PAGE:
Hattori Hanzō
Hanzo Hattori (NAS)
Born ~1542

Mikawa Province

Died December 23, 1596


Hattori Hanzō (服部 半蔵?, ~1542[1] – December 23, 1596), also known asHattori Masanari (服部 正成?), was a famous samurai and Ninja master of theSengoku era, credited with saving the life of Tokugawa Ieyasu and then helping him to become the ruler of united Japan.[2][3] Today, he is often a subject of varied portrayal in modern popular culture.


 [hide*1 Biography


Born as the son of Hattori Yasunaga, a minor samurai in the service of the Matsudaira (later Tokugawa) clan.[4][5] He would later earn the nickname Onino Hanzō (鬼の半蔵 Devil Hanzō?)[5] because of the fearless tactics he displayed in his operations; this is to distinguish him from Watanabe Hanzo (Watanabe Moritsuna), who is nicknamed Yari no Hanzō (槍の半蔵 Spear Hanzō?).[6]

Though Hanzō was born and raised in Mikawa Province, he often returned to Iga Province, home of the Hattori family. He fought his first battle at the age of 16 (a night-time attack on Udo castle[4])[5] and went on to lay siege to Kakegawa Castle in 1569. He served with distinction at the battles of Anegawa (1570) and Mikatagahara (1572).[4] His most valuable contribution came in 1582 following Oda Nobunaga's death, when he led the future shogun Tokugawa Ieyasu to safety in Mikawa Province across Iga territory with the help of remnants of the local Iga ninja clans as well as their one-time rivals in Koga.[9][10] According to some sources, Hanzō also helped in rescuing the captured family of Ieyasu.[11]

Hanzō was known as an expert tactician and a master of spear fighting. Historical sources say he lived the last several years of his life as a monk under the name "Sainen" and built the temple, Sainenji, which was named after him and mainly built to commemorate Tokugawa Ieyasu's elder son, Nobuyasu, who was accused of treason and conspiracy by Oda Nobunaga and who was then ordered to commit seppuku by his father, Ieyasu. When Nobuyasu was ordered to end his own life, Hanzo was called in to act as the official second to end Nobuyasu's suffering, but he refused to take the sword on the blood of his own lord. Ieyasu valued his loyalty after hearing of Hanzo's ordeal and said, "Even a demon can shed tears."[12][13]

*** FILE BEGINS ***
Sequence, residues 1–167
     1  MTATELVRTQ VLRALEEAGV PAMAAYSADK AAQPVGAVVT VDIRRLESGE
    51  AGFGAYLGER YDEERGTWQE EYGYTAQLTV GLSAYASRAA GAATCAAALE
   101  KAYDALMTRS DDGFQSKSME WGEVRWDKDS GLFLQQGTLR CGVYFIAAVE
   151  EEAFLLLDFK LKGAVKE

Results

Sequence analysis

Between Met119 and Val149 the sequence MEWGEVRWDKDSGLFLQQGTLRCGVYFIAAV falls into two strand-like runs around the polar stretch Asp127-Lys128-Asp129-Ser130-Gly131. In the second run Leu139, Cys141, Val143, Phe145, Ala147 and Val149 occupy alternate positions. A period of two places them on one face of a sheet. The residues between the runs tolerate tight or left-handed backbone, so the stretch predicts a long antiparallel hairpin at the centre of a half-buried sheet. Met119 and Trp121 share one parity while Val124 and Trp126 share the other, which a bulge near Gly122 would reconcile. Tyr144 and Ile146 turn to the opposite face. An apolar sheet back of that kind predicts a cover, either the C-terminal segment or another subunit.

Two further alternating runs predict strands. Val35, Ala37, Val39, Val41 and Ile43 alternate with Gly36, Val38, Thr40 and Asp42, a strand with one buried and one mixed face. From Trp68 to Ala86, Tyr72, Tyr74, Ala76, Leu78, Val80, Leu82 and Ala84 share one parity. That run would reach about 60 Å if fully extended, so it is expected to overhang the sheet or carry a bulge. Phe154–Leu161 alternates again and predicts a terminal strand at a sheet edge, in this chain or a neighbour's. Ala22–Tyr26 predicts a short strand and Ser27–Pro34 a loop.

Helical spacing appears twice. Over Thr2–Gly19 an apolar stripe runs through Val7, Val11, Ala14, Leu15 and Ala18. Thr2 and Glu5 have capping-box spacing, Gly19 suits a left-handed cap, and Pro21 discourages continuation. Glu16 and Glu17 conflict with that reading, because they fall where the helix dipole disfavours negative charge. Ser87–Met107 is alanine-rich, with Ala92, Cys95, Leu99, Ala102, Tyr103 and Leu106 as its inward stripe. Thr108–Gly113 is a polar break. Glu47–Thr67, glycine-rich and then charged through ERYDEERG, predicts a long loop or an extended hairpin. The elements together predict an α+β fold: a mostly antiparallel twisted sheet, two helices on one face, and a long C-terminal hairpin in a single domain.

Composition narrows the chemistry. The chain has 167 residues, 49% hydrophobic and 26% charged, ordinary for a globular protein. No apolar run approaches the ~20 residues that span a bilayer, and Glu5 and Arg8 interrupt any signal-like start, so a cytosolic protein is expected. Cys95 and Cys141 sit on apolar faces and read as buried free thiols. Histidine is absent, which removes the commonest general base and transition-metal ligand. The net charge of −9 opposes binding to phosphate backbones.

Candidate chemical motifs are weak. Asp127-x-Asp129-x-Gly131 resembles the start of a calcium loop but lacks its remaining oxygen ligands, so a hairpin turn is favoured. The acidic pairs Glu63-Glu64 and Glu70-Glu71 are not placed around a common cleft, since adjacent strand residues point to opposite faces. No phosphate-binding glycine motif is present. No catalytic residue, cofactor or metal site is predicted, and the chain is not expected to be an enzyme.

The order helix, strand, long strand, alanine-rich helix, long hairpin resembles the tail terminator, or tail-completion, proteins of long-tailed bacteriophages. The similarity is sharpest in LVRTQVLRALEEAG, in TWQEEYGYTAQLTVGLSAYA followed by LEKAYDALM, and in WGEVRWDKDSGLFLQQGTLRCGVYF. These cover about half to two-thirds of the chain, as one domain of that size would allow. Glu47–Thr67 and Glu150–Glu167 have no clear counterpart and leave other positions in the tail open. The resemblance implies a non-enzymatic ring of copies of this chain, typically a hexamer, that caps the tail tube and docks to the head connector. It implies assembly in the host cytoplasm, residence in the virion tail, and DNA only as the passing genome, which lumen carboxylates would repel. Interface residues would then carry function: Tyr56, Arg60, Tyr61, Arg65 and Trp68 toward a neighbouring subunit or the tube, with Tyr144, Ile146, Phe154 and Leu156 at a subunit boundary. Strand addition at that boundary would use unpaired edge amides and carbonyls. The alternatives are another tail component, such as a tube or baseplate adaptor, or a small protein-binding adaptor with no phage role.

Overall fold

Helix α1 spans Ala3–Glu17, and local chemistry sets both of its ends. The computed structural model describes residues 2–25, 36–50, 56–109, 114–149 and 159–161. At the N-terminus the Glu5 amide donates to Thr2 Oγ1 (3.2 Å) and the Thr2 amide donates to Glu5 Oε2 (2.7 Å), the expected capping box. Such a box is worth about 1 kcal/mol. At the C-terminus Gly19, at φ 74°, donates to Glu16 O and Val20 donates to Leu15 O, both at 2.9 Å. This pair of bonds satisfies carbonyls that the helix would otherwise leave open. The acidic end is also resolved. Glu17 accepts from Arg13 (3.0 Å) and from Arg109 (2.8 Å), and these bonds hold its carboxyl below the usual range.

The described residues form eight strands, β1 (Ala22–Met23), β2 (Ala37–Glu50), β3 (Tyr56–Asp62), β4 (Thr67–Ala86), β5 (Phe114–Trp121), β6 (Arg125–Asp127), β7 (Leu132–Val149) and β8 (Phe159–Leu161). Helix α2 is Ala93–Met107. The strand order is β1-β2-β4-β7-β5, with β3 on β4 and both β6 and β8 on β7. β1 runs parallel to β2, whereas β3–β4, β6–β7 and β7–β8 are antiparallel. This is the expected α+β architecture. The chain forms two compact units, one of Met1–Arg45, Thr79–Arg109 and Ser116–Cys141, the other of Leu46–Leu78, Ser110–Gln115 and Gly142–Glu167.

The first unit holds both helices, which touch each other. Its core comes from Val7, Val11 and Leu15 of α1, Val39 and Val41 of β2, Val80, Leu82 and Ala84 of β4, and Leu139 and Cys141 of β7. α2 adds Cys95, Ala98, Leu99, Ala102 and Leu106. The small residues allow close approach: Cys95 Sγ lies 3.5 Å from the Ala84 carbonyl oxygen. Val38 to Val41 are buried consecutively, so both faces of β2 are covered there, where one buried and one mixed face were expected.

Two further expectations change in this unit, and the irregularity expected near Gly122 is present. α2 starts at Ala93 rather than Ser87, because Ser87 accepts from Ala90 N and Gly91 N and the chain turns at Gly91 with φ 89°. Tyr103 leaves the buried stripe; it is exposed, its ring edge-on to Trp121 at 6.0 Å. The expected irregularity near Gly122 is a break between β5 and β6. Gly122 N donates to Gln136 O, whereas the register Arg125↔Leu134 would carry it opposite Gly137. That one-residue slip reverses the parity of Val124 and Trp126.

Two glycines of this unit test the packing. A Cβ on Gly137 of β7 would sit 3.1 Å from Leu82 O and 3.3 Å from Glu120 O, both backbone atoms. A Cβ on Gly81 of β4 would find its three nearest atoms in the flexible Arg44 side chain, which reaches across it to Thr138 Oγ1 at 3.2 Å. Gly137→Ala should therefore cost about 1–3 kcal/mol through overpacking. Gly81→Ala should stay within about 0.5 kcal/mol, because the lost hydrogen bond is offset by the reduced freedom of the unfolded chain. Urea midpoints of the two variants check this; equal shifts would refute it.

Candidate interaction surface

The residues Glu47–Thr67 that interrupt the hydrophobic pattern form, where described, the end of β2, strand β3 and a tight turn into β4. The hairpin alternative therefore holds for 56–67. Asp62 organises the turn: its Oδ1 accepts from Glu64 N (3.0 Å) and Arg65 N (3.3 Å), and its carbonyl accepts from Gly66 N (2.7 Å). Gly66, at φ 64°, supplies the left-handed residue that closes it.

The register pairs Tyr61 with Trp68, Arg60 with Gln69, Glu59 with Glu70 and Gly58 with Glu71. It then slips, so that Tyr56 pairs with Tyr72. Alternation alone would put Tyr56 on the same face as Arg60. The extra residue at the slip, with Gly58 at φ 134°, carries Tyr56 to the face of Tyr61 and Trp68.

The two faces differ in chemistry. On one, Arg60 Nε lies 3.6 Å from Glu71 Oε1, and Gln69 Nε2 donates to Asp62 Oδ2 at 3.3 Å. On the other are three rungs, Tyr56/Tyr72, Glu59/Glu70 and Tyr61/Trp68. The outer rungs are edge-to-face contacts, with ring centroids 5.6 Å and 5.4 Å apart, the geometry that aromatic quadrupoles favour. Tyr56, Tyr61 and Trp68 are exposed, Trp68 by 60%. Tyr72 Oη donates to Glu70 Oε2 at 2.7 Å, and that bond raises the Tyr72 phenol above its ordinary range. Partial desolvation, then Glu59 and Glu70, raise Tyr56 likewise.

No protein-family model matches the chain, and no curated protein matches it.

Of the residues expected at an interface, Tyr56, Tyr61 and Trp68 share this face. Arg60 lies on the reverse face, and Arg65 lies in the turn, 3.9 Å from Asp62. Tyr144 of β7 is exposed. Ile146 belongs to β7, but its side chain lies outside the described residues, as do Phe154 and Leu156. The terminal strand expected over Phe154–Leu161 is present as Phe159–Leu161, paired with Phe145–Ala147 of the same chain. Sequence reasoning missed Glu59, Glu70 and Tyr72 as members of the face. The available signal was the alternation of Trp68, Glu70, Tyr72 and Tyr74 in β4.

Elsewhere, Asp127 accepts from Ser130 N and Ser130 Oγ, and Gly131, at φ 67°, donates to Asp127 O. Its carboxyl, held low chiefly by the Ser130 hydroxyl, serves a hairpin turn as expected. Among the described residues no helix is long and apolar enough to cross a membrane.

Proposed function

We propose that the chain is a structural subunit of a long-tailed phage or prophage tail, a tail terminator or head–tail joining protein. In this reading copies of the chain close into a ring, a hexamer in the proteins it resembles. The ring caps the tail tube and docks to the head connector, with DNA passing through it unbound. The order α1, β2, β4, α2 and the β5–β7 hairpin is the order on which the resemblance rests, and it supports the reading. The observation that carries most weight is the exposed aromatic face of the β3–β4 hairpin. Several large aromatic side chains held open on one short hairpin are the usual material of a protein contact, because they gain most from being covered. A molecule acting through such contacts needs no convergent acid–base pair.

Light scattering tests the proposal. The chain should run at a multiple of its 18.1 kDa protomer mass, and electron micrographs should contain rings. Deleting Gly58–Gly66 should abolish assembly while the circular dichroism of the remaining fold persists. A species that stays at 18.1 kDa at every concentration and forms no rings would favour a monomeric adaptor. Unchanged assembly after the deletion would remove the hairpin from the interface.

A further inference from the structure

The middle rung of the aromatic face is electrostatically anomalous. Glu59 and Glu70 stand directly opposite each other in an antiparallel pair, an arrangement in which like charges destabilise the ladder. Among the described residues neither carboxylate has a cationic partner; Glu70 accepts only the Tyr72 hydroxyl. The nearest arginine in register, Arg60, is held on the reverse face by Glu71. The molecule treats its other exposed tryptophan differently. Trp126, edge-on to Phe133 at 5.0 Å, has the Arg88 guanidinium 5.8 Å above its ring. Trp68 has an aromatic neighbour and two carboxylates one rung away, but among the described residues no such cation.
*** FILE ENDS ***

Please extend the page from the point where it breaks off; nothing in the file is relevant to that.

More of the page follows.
Tales of his exploits often attributed various supernatural abilities, such as disappearing and appearing elsewhere, psychokinesis, and precognition,[5] and these attributions contribute to his continued prominence in popular culture. He died at the age of 55.[4]


[1][2]Edo Castle's Hanzōmon gate during theMeiji period (1868-1912)[3][4]Imperial Palace's Hanzōmon gate in 2007

After his death in the fourth of November 1596, Hattori Hanzō was succeeded by his son, whose name was also Masanari, though written with different kanji. He was given the title of Iwami no Kami[14] and his Iga men would act as guards of Edo Castle, the headquarters of the government of united Japan. There have been also as many as three other Hattori Hanzō leading his clan at one point or another (including one before him).[5]

To this day, artifacts of Hanzō's legacy remain. Tokyo Imperial Palace (formerly the shogun's palace) still has a gate called Hanzō's Gate (Hanzōmon), and the Hanzōmon subway line which runs from Hanzōmon Station in central Tokyo to the southwestern suburbs is named after the gate, where his house was once located.[15][16][17] The neighborhood outside Hanzo’s Gate is known as Wakaba, but prior to 1943 was named Iga-cho ("Iga Town").[18] Hanzō’s remains now rest in the Sainen-ji temple cemetery inYotsuya, Tokyo. The temple also holds his favorite spear and his ceremonial battle helmet. The spear, originally 14-feet long donated to the temple by Hanzō as a votive offering, had been given to him by Ieyasu and suffered damage during the bombing of Tokyo in 1945

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